Environmentalists like admixture analysis too (until they don’t)

See previous post about quotes from the medical genetics and physical anthropology literature on admixture analysis and the causal interpretation. There’s quite a few older admixture studies that examined relationships between racial ancestry and intelligence. Most of these used quite crude methods such as interviewer judgement. Some used a better method, namely objectively measured skin…

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Admixture analysis and genetic causation: some quotes from the literature

A common comment on bias in scientific peer review is that reviewers don’t usually say openly they are applying double standards. Instead, they just silently increase their standards. If their bias against some finding is strong, the evidential burden to meet goes to infinity, making sure that nothing is rigorous enough to pass review. A…

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New paper out: Admixture in Argentina (with John Fuerst)

We have a new big paper out: Kirkegaard, E. O. W., & Fuerst, J. (2017). Admixture in Argentina. Mankind Quarterly, 57(4). Retrieved from mankindquarterly.org/archive/issue/57-4/4 Abstract Analyses of the relationships between cognitive ability, socioeconomic outcomes, and European ancestry were carried out at multiple levels in Argentina: individual (max. n = 5,920), district (n = 437), municipal…

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Nisbett’s 2009 book on Intelligence: reviews

Nisbett’s 2009 book on intelligence, Intelligence and how to get it, is a goldmine of stupid claims that one can quote-mine for introduction and discussion sections of papers. For instance, Nisbett tries to argue that brain size is not causal for intelligence! He writes: The correlation between cranial capacity and IQ is probably about .30-.40…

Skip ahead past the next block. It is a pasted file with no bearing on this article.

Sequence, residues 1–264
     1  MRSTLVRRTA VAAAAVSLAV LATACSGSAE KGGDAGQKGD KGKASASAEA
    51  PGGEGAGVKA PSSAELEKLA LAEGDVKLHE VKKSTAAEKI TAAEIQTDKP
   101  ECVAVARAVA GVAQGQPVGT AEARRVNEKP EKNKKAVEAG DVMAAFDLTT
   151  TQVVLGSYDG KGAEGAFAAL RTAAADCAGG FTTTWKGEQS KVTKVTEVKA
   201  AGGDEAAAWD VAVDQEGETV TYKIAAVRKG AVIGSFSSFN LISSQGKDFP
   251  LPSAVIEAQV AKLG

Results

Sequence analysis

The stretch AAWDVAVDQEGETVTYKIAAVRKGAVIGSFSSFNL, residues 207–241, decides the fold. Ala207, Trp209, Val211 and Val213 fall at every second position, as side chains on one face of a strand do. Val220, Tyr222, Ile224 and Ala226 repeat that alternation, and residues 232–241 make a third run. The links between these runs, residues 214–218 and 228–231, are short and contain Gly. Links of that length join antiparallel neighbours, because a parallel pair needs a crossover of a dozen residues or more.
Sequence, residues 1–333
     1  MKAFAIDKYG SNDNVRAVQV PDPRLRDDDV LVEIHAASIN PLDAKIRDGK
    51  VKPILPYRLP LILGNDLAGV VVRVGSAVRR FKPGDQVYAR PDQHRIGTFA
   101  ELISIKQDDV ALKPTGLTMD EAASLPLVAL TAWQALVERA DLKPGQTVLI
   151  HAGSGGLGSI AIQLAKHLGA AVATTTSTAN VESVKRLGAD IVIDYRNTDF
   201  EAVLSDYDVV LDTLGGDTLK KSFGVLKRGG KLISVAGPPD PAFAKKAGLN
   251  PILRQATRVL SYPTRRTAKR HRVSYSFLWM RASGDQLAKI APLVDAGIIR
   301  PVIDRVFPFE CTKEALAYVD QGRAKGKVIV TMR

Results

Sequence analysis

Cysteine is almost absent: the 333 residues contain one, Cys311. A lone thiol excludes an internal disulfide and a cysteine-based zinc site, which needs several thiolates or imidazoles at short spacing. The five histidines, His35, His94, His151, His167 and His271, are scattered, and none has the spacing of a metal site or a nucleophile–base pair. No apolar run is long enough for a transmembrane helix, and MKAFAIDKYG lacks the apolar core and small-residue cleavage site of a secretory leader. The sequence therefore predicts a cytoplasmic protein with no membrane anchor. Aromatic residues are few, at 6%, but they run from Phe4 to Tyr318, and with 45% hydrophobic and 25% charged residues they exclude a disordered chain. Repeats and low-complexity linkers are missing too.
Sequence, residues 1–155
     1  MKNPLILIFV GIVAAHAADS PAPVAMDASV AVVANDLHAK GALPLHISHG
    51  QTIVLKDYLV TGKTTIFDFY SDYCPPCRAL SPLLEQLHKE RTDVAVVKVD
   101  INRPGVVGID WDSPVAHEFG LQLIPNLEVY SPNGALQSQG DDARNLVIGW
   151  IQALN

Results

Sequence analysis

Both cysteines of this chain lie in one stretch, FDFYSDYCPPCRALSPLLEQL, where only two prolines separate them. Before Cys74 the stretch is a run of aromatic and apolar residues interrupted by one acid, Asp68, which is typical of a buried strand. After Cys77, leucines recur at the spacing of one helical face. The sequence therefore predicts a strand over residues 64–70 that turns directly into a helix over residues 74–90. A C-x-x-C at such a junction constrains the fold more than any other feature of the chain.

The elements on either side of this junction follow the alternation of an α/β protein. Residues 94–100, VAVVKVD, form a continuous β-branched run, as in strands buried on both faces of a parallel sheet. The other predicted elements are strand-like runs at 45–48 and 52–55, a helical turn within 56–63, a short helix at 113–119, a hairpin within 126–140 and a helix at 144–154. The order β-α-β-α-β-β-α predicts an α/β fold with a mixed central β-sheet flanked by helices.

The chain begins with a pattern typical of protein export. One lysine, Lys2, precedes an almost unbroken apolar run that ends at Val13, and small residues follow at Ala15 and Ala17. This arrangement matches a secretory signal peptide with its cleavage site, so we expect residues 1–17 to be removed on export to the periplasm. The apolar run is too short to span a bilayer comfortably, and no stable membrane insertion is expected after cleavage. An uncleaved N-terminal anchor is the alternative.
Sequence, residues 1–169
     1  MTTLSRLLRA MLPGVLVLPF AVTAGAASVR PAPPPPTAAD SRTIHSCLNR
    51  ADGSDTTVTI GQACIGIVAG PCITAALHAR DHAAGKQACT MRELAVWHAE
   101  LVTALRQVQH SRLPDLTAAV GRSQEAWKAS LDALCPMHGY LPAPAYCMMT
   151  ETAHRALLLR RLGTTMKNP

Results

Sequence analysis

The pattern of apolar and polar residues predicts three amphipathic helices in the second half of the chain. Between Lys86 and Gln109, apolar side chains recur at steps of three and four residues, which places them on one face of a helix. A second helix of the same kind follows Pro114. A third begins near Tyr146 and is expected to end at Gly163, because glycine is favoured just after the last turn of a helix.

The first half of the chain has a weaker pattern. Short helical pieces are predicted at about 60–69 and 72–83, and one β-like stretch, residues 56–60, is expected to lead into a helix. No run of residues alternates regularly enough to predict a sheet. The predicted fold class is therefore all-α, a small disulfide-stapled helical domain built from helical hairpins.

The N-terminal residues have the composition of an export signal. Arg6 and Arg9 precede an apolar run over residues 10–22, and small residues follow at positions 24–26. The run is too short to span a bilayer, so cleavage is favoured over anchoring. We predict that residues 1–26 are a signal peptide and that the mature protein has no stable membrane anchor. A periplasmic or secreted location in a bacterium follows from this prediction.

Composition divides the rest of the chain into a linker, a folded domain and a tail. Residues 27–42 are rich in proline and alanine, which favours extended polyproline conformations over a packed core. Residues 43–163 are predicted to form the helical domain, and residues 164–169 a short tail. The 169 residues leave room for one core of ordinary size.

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Individual genomic admixture and cognitive ability

So, I posted this: Abstract We used data from the PING study (n≈1200) to examine the relationship between cognitive ability, socioeconomic outcomes and genomic racial ancestry. We found that when genomic ancestry was not included in models, self-reported race/ethnicity (SIRE) was a useful predictor of cognitive ability/S, but when genomic ancestry was included, SIRE lost…

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The sibling control design

A friend of mine and his brother just received their 23andme results. In a table they look like this (I have added myself for comparison): Macrorace Bro1 Bro2 Emil European 52.6 53 99.8 MENA 42.5 41.3 0.2 South Asian 2.8 3.4 0 East Asian & Amerindian 1.1 0.7 0 Sub-Saharan African 0.5 0.5 0 Oceanian…

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The general brain factor, working memory, parental income and education, and racial admixture

UNFINISHED ANALYSIS. POSTED HERE TO ESTABLISH PRIORITY. MORE TO FOLLOW! Updated 2015-12-04 Remains to be done: Admixture analysis (doing) Proofreading and editing Deciding how to control for age and scanner (technical question) Abstract I explore a large (N≈1000), open dataset of brain measurements and find a general factor of brain size (GBSF) that covers all…

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Admixture in the Americas: Admixture among US Blacks and Hispanics and academic achievement

Some time ago a new paper came out from the 23andme people reporting admixture among US ethnoracial groups (Bryc et al, 2014). Per our still on-going admixture project (current draft here), one could see if admixture predicts academic achievement (or IQ, if such were available). We (that is, John did) put together achievement data (reading…

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Admixture in the Americas: Introduction, partial correlations and IQ predictions based on ancestry

For those who have been living under a rock (i.e. not following my on Twitter), John Fuerst have been very good at compiling data from published research. Have a look at Human Varieties with the tag Admixture Mapping. He asked me to help him analyze it and write it up. I gladly obliged, you can…

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